Advice to individuals and Websites by Moosa Richardson   Leave a comment

All praise is due to Allaah, and may He raise the rank of His Messenger…

1) Present beneficial articles that help the Muslims understand their Religion with evidences and clear language.

2) Translate the best and most suitable things for eager new Muslims from the recognized scholars of Islaam of past and present.

3) Clearly identify the sources of the articles. Make this an essential piece of information that you simply do not allow yourselves to publish without. a) Cite the URL of reliable websites, like those officially overseen by the scholars themselves. b) Cite the name of the Arabic printed book, with its printing information (publisher, which printing, year, etc.). c) Cite the name of the recording with all info that identifies it (like tape no. 5, or track no 13, 1:11:43 (the time where the quoted words begin), etc.

4) Clearly identify the translator, using a name that he/she is known by. Academic responsibility takes precedence here over an assumed level of sincerity (when the translator claims he wants to remain anonymous). Make this an essential piece of information that must be published with your articles as well.

5) If you do not want to cite the name of the translator because you feel he/she is not trustworthy, then why are you publishing his/her material in the first place?!

 6) Avoid so called ‘compilations’ by those less than the scholars, or those whose compilations have not been reviewed and approved by the scholars. Typical examples of this are: Compiled from the works of So-and-So… or Taqwaa, from the works of Ibn Rajab, Ibn Katheer, and Ibn al-Qayyim, etc. Compilations are a type of ta’leef (authorship), and being salafee and having good intentions does not mean that a person is capable of this academic task.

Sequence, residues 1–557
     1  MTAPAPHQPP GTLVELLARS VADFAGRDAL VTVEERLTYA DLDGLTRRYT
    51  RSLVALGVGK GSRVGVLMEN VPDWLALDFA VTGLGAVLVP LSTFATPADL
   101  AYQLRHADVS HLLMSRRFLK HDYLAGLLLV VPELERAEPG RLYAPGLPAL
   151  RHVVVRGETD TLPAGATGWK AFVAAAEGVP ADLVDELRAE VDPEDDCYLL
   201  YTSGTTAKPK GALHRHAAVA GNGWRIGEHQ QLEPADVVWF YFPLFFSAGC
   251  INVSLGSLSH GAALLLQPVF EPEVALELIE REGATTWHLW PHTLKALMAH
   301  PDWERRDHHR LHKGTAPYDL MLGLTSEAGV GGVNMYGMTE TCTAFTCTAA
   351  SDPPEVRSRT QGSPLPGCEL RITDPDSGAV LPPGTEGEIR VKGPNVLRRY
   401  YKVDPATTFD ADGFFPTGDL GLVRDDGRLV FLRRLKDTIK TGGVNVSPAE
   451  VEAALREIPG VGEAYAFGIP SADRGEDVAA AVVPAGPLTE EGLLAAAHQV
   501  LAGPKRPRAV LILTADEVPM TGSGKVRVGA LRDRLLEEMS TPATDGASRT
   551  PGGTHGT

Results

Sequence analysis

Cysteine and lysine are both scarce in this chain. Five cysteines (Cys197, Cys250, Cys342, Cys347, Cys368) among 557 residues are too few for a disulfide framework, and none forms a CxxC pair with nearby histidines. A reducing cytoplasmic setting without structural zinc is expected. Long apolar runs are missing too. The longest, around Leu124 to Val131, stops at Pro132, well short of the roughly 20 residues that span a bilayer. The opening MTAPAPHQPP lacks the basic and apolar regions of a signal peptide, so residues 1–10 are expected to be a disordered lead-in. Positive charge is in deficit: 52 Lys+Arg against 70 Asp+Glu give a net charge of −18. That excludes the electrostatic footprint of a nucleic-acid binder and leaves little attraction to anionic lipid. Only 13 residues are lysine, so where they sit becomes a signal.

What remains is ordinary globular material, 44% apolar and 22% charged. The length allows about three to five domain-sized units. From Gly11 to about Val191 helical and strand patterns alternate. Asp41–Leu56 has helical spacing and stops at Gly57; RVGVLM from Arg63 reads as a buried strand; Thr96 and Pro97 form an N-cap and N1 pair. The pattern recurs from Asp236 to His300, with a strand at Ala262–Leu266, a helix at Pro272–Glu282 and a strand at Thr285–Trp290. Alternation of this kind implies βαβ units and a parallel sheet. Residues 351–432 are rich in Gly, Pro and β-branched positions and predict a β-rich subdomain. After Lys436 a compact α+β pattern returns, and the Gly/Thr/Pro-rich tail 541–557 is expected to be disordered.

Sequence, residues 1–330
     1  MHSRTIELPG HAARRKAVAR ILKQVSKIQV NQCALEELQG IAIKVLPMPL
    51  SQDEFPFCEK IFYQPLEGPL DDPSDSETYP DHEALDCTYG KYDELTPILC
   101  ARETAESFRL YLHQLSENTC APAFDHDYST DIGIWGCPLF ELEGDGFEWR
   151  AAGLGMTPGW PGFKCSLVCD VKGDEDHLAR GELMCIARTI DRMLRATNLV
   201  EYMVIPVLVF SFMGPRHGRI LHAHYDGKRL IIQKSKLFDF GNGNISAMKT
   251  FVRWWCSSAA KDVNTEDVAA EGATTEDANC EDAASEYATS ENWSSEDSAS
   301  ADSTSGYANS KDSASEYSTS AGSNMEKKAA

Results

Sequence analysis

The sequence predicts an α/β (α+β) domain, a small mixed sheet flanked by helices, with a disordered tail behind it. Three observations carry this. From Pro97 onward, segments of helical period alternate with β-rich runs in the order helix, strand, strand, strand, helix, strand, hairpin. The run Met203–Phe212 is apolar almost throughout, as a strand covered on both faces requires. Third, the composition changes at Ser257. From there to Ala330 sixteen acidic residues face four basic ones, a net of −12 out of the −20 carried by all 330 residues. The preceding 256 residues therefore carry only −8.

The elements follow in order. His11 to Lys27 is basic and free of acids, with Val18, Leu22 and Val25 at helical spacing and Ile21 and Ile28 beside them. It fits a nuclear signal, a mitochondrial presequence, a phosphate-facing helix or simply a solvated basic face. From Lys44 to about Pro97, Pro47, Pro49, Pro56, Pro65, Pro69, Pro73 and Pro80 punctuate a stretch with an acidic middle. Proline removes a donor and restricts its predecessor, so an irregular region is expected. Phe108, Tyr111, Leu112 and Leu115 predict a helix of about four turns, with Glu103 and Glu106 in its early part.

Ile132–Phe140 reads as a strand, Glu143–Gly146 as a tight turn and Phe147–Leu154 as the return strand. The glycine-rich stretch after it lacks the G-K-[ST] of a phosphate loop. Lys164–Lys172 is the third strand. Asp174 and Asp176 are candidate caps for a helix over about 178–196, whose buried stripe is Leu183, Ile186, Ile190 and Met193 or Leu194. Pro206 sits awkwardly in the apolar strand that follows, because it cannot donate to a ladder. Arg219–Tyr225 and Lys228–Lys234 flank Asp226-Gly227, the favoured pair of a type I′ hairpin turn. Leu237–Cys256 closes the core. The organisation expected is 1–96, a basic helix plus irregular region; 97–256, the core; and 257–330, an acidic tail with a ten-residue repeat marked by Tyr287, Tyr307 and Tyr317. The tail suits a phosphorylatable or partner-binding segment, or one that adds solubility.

7) Do not rely on newspaper articles, blogs, tweets, or even message boards as sources of information, even if only reliable scholars are quoted. The recent fitnah in the Arab lands and the ill-intended, twisted and outright false reports of journalists have proven to be tactfully deceitful and misleading. Journalists are hasty people who rush to finish their writings daily before print deadlines. This is the exact opposite approach we must take in times of fitnah – careful consideration and deliberation, choosing silence over any doubtful benefit. 8) Review your work carefully. A qualified and sincere student who translates with good intentions should have no problem having someone he feels is a better translator than him review his work (at least the hardest parts), and then a proper English editor before publishing. This may be difficult for someone whose intentions are flawed. Anyone who feels these points have some benefit in them should carefully review the following article as well: And Allaah knows best.

Moosaa ibn John Richardson

Posted July 11, 2011 by thesunnahway in Naseeha

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